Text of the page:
Decide whether to sell first or buy first. The former makes the new purchase easier, but you may get stuck having to store your possessions and rent if the closing periods don’t line up. The latter may seriously strain your finances, possibly forcing you to settle on a deal before you are ready. Remember to explore all your options and prepare to get creative. In the sell-first scenario you may be able to negotiate a rent-back period or a longer closing with the new owner of your home. For the buy-first scenario you may be able to obtain bridge financing from your lender. Or negotiate a new sale that is contingent on your being able to sell your existing home first. It all depends on the circumstances of all the involved parties and the state of the market.

πŸ’΅ How to Buy a House with Cash

Not everyone is able to buy a house with 100% cash up front and no mortgage. But if you can, you should consider the idea. Besides eliminating debt interest payments and the need for things like mortgage insurance, there are other benefits associated with cash sales depending, of course, on what kind of market you’re in. Cash can be extremely attractive to vendors and may put your offer over the top if there is a bidding war on a house. In fact, offering cash may result in a lower bid being accepted. And cash sales typically close faster with fewer associated costs.

On the other hand, when there is volatility or uncertainty around interest rates and local real estate markets, it may not make sense to tie up a lot of cash in a home sale. Those funds may be put to better use invested or parked as a liquid reserve. There may also be tax and other implications to forgoing a mortgage – mortgage interest is generally tax-deductible, remember.

🧐 How to Buy a Foreclosure

There are deals to be had shopping for foreclosed properties, but they may come with added complexity and risk. Each case should be carefully evaluated with the support of a real estate agent (there are agents who specialize in foreclosures), and perhaps a lawyer.

There are four types of foreclosures sales: pre-foreclosures or short sales, auctions, real estate-owned (REO) sales, and government-owned sales.

Pre-foreclosure amounts to a grace period for the homeowner and their lender to sell the home at a lower price (the short sale). If you make an offer, the lender will have to agree to terms that may be for less than the value of the remaining mortgage.

For auction sales the property has already been foreclosed and a trustee is charged with selling it. Auctions are set up to sell the home to the highest bidder, who typically pays in cash. It can be difficult to pre-inspect such homes (which are often sold in as-is conditions that can vary), so there is a certain element of risk involved.

An easier and safer route is a real estate-owned foreclosure in which the property is fully owned by the lender who is responsible for settling liens and back taxes, and sometimes cleaning and preparing the home for sale.

Government-owned foreclosures involve purchasing an as-is home for cash from institutions such as the Federal Housing Administration (FHA), Veteran Affairs (VA) or the Internal Revenue Service (IRS). The process can be slow and bound by red tape, but great deals may be available.

πŸ™‹πŸ» How to Buy a For Sale by Owner

For sale by owner (FSBO) real estate is a growing sector for good reason. Many vendors choose it to save money on realtor commissions and other fees. For buyers this can translate to a good deal, but it involves more research and even more care than the standard real estate transaction. Don’t do it alone – work with a real estate agent (in the FSBO scenario this is often paid for by the vendor), lawyer and accredited home inspector to ensure you get the best deal and are fully protected throughout the buying process.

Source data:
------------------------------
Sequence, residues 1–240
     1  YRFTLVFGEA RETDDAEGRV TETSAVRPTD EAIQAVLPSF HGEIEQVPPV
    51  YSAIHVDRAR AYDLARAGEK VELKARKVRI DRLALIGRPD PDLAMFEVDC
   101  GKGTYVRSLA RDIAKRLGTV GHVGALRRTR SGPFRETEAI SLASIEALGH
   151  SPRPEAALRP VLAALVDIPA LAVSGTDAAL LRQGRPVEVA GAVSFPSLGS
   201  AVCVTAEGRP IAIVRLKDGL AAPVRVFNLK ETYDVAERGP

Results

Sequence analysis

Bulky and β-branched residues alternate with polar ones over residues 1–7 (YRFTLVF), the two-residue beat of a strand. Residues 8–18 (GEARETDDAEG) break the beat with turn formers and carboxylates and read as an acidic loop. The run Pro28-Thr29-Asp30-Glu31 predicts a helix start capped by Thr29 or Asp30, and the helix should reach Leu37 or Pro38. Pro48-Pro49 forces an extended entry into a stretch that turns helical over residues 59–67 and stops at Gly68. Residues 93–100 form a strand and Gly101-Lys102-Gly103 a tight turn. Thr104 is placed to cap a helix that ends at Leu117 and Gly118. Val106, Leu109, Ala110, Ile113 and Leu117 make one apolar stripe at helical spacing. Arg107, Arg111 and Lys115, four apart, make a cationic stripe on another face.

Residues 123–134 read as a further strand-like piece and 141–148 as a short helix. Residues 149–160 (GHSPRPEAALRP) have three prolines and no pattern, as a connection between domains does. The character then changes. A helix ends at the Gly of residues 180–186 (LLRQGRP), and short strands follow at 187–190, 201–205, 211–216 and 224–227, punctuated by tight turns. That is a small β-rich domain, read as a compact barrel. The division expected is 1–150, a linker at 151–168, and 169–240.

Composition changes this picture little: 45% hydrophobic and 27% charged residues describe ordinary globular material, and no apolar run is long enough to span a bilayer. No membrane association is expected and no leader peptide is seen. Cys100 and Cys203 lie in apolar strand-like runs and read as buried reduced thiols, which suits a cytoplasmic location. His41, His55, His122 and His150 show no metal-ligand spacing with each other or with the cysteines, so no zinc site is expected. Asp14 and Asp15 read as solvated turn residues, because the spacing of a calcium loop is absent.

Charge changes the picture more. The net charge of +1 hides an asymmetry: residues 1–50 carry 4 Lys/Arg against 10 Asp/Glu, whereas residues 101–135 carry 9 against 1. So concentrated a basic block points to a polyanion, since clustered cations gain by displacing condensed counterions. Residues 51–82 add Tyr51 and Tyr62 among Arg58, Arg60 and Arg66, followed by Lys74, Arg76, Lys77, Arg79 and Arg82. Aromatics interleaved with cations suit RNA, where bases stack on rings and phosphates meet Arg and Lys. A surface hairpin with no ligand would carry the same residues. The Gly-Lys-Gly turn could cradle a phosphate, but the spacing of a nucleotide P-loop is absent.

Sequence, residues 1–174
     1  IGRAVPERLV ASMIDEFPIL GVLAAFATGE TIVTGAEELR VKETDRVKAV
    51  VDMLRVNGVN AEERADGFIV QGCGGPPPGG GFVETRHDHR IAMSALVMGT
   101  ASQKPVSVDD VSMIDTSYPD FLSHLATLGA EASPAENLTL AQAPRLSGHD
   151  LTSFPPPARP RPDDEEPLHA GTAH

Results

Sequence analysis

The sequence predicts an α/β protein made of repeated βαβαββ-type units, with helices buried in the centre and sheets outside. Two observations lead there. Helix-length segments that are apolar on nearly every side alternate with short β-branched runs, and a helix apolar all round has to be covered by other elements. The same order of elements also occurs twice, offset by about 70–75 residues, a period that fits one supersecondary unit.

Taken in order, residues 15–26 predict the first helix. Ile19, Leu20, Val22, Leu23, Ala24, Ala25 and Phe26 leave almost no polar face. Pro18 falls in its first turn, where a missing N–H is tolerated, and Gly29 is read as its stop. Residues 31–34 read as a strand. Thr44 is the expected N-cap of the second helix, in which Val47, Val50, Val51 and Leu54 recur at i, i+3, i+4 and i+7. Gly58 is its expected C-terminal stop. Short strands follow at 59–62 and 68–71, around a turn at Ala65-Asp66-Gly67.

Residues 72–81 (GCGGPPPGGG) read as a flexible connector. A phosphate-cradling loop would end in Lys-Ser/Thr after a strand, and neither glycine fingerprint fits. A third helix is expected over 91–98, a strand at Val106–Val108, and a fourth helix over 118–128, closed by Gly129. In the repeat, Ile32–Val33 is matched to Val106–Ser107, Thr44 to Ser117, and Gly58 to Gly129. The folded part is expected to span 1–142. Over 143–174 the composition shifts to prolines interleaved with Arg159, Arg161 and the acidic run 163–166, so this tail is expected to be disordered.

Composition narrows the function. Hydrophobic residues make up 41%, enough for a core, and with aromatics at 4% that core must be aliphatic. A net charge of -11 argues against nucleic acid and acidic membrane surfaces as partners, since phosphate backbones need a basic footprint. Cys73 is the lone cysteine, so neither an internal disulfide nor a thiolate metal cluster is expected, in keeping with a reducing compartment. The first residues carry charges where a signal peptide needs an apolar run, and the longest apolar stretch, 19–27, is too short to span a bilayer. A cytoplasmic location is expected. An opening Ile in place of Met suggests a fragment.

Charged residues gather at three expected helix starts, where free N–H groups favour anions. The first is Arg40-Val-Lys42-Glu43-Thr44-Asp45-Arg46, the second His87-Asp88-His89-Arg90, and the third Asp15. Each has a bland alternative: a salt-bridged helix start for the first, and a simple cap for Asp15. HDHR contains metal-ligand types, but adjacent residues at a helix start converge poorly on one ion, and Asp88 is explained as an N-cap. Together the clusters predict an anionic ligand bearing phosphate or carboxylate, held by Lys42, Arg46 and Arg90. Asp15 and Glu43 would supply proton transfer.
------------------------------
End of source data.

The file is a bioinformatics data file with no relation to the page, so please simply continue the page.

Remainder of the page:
It’s also helps to know the market. FSBO vendors (who are often the home’s original owner or builder) tend to price their properties high. Familiarize yourself with comps (comparable recent home prices in the immediate area) and ask to see a recent home appraisal.

As with any real estate deal, make sure that contingencies are included in your offer to purchase contract. These can address areas of potential trouble or delay such as loan approval, title clearing, home appraisal and inspection, or insurability.

And even though a more personal relationship between vendor and buyer can exist with FSBO sales, deposits and other payments should still go to a third party (e.g. a real estate broker or an escrow company). Business is business and you need to protect yourself throughout any type of buying process, especially when it involves property and real estate.

πŸ’° What Does it Cost to Close on a House?

Closing costs are an unavoidable part of real estate purchases. Yet they aren’t always top of mind in the excitement of buying a new home. It’s wise to plan early for at least the following common closing costs:

  • home inspection fees
  • bank fees associated with your loan
  • home appraisal fees (often assumed by lender)
  • the deposit due when you make an offer to purchase
  • land transfer taxes – these can vary depending on where you live
  • Home Owners Association (HOA) fees – if these apply they are not optional and are due at closing
  • broker fees – though these are typically assumed by the seller
  • legal fees
  • title insurance: you must pay this to protect your lender from errors on the title to your home. Owner’s policies that cover you in case there’s an inaccuracy on the title might be optional
  • homeowner’s insurance may be required by your lender
  • septic and well inspections may be mandatory for rural properties
  • property taxes – not always due immediately but inevitably
  • prepaid utilities

All these smaller sums can still add up to a substantial additional amount. In some cases, the lender can be persuaded to include these closing costs in the principle loan. In others, you may be able to negotiate with the vendor to cover closing costs. In any case, it is not possible to avoid them entirely, so be prepared.

Your real estate agent is an amazing resource when it comes to home staging. They have experience and understand exactly what appeals to potential buyers. Give the Jackie Ruden Realty Team a call today at 435-272-7710 to learn more about local areas, discuss selling a house, or tour available homes for sale.